Solving global nutrition and dietary challenges requires more than the protein transition
“Eat more plant-based, fewer animal-sourced foods” is the dominant message from recent debates on global diets and protein, but does it work for everyone? Or would people in low-income countries benefit from adding more animal-sourced foods to their diets?
Writing for Our Future Proteins: A Diversity of Perspectives, a new open-access book on the transition to sustainable proteins, Inge D. Brouwer and Elise Talsma take an evidence-based approach to answer this and other questions as they debunk false narratives on diets and nutrition.
Brouwer, an Associate Professor at Wageningen University and Senior Research Fellow at the International Food Policy Research Institute (IFPRI) and coauthor Talsma argue that the global focus on the protein transition should not draw attention away from other important nutrition and diet challenges, especially the “hidden hunger” of micronutrient deficiencies in low-and middle-income countries.
Brouwer and Talsma’s chapter offers a divergent perspective from the rest of the book. Too much emphasis on novel alternative proteins or replacing animal-based proteins with plant-based gloss over the complexity of changes required to address poor quality diets and nutritional deficiencies in low- and middle-income countries. The authors encourage readers to consider the context and think about other food system solutions that increase access to nutritious and healthy foods.
Our Future Proteins: A Diversity of Perspectives examines how the transition to sustainable protein systems can help reach global sustainability targets. The wide-ranging views featured in the book highlight the complexity of this ongoing transition and the multiple pathways of technical and societal change needed to accomplish it.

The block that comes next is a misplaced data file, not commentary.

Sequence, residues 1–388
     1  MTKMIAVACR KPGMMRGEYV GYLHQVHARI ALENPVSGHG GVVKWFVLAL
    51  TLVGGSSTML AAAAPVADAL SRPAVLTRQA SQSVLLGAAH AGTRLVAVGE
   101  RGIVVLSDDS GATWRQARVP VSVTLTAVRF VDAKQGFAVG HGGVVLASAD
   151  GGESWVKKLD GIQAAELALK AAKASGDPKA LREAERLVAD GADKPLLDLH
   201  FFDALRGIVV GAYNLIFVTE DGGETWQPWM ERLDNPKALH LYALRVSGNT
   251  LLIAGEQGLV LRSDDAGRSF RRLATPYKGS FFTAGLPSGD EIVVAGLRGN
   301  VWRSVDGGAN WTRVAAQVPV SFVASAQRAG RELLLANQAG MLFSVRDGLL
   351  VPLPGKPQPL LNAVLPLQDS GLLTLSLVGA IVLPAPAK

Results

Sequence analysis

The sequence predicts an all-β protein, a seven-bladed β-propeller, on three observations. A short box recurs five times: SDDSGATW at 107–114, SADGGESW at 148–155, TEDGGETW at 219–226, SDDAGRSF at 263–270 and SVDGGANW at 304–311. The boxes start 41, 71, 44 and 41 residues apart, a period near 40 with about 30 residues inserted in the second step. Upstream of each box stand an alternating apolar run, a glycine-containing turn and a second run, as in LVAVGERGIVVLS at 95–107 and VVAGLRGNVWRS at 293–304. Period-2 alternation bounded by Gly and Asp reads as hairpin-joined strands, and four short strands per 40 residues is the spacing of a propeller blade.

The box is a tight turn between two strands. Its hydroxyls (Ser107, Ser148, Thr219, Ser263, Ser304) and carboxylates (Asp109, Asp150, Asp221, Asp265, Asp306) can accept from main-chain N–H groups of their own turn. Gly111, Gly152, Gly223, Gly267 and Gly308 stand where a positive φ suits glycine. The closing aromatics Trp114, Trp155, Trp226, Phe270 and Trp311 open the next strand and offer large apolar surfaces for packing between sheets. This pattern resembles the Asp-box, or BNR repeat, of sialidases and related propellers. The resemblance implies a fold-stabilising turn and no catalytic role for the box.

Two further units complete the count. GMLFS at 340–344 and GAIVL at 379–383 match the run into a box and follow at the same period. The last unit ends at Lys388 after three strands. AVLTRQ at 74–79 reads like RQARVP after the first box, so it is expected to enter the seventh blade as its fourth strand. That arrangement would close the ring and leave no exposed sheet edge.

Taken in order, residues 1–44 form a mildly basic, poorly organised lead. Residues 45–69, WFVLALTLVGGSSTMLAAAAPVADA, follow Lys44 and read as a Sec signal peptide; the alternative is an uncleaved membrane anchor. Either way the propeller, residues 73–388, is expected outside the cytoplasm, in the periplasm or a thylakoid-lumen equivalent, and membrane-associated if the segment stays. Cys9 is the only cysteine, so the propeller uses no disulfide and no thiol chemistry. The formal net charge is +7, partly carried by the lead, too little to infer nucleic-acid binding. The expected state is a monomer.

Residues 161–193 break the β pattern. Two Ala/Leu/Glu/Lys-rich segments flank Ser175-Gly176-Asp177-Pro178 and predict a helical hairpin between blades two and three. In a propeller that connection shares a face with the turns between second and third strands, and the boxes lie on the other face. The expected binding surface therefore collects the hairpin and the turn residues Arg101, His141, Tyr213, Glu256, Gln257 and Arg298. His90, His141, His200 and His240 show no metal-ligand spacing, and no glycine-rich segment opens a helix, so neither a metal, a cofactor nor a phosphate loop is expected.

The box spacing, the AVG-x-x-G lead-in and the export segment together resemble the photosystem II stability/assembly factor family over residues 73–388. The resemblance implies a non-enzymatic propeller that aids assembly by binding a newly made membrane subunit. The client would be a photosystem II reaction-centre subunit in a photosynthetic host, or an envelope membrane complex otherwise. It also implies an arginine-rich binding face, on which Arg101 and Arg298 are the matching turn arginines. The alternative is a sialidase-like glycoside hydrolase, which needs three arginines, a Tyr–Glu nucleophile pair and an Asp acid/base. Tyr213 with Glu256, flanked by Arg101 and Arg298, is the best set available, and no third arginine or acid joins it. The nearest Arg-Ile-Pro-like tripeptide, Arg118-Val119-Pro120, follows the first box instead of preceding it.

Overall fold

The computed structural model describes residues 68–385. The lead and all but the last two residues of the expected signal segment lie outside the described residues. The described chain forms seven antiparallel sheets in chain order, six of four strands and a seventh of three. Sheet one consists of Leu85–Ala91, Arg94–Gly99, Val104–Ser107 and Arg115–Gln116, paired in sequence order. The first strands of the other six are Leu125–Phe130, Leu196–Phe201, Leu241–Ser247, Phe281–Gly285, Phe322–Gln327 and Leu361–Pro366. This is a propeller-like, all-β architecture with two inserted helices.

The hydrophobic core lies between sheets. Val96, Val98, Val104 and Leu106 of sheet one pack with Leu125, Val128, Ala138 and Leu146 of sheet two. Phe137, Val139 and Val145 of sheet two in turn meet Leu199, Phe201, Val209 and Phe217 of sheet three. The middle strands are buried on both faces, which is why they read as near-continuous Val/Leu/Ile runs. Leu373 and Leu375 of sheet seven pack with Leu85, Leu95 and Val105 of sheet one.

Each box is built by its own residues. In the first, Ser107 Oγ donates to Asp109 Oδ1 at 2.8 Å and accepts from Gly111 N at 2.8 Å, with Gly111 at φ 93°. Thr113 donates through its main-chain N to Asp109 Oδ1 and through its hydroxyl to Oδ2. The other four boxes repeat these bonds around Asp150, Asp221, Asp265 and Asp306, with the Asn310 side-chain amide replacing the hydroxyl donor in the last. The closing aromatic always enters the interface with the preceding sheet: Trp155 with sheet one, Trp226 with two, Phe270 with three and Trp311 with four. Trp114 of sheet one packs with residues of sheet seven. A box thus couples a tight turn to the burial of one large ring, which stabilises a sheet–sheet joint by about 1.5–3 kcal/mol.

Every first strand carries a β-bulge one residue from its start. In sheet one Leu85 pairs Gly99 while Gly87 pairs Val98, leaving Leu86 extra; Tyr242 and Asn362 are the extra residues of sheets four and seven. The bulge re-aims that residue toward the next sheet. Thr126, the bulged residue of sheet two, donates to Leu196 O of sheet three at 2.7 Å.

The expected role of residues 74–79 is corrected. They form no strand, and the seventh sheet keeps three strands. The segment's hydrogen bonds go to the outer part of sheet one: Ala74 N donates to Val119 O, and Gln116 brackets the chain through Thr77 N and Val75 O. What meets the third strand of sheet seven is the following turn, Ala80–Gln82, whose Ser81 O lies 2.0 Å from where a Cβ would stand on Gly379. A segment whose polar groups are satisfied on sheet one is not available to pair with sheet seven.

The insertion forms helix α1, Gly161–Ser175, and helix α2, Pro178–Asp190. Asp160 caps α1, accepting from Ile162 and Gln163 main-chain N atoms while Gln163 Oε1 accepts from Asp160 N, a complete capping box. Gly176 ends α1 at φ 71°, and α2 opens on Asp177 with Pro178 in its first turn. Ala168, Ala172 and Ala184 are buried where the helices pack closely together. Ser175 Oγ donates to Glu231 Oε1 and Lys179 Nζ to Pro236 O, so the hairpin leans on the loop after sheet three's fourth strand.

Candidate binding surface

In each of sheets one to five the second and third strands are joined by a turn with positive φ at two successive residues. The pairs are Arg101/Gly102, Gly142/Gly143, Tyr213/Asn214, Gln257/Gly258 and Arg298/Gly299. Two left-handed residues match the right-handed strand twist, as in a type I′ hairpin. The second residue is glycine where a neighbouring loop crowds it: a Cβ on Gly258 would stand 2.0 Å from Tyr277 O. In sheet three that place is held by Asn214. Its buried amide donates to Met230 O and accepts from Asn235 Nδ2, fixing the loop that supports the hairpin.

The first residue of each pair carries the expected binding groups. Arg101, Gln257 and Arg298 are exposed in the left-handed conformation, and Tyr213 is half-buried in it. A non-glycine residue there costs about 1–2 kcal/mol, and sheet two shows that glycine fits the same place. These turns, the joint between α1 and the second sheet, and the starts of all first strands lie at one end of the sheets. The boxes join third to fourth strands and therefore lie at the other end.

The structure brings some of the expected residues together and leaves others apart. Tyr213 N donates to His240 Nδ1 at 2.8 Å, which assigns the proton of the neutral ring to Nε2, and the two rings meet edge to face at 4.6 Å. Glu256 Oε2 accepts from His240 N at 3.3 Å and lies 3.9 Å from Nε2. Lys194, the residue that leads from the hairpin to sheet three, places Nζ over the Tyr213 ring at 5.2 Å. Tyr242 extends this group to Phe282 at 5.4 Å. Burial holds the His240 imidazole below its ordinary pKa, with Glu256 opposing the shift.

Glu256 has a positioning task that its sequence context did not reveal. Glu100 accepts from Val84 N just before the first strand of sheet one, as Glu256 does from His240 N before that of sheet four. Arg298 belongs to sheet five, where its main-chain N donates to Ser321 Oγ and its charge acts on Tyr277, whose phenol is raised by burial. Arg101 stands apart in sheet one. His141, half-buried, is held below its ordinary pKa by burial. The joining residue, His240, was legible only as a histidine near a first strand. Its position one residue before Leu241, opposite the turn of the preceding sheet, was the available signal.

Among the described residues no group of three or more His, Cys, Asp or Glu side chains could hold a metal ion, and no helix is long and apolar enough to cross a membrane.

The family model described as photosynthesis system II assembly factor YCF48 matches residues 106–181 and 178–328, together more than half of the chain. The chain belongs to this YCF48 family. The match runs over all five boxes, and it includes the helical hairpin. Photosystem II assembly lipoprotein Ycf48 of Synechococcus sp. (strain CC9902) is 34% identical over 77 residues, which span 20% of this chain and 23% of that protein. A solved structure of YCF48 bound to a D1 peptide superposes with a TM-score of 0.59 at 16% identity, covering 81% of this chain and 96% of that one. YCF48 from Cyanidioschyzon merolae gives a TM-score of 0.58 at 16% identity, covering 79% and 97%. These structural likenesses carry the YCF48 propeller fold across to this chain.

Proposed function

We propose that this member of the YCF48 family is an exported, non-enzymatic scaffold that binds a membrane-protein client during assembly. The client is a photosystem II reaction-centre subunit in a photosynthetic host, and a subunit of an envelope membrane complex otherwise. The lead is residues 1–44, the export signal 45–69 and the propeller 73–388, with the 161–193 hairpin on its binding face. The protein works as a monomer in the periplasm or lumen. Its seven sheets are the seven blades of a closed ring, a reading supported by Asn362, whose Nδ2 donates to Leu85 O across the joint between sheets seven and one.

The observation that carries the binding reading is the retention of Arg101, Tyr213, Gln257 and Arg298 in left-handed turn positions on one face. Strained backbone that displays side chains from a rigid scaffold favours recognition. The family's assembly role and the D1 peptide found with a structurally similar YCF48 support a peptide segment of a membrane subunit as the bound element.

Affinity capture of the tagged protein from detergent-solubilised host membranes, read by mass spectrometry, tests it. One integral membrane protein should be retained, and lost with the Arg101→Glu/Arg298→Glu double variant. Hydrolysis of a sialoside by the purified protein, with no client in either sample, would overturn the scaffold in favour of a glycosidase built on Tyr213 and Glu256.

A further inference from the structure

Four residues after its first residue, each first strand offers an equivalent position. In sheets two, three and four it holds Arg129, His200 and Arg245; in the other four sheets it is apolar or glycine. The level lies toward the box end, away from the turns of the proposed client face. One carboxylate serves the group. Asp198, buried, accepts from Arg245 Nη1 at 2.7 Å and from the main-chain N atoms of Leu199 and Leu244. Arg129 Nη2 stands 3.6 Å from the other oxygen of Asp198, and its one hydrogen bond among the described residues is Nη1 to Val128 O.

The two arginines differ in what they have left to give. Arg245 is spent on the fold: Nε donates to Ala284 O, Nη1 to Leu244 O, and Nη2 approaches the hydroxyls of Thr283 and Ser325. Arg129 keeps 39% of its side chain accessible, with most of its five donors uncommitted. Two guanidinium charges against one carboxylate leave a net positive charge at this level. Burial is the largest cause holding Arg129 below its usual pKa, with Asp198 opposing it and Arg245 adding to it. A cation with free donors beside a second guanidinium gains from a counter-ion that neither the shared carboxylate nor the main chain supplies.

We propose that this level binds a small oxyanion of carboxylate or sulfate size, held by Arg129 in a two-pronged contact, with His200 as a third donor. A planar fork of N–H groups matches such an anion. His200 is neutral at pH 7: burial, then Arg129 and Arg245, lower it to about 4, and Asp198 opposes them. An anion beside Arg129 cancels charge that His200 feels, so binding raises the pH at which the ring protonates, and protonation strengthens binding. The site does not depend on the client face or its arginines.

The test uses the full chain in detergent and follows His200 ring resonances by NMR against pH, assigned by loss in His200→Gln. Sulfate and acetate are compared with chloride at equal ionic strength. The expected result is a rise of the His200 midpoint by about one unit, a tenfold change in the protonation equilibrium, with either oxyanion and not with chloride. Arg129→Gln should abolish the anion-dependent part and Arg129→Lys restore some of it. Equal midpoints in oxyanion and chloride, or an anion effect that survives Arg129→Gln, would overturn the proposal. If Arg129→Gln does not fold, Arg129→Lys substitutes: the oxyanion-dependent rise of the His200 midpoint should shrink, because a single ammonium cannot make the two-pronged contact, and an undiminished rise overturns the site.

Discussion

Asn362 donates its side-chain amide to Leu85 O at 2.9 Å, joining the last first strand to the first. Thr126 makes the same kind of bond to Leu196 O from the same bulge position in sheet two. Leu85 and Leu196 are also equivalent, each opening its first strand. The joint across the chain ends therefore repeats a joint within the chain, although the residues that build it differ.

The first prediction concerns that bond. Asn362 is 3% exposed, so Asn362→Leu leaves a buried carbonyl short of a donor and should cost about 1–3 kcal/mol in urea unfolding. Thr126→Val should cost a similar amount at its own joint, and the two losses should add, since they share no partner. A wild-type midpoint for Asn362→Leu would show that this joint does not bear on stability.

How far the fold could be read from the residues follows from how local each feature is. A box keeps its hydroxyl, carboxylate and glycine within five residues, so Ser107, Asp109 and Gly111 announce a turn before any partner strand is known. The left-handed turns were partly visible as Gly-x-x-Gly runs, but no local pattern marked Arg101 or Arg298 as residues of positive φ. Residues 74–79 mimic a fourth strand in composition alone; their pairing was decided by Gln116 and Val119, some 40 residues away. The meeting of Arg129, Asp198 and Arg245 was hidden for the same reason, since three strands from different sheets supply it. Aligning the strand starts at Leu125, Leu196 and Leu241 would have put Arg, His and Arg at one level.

Brouwer is the Lead of the CGIAR Initiative on Sustainable Healthy Diets through Food Systems Transformation (SHiFT). SHiFT combines high-quality nutritional and social science research capacity with development partnerships to generate innovative, robust solutions that contribute to healthier, more sustainable dietary choices and consumption of sustainable healthy diets. It builds on CGIAR’s unparalleled track record of agricultural research for development, including ten years of work on food systems and nutrition under the CGIAR Research Program on Agriculture for Nutrition and Health (A4NH). IFPRI and the Alliance of Bioversity International and CIAT lead SHiFT in close collaboration with Wageningen University & Research and with contributions from the International Potato Center (CIP).
Header image. Street food in Hanoi, Vietnam. Photo by Georgina Smith/CIAT from Flickr.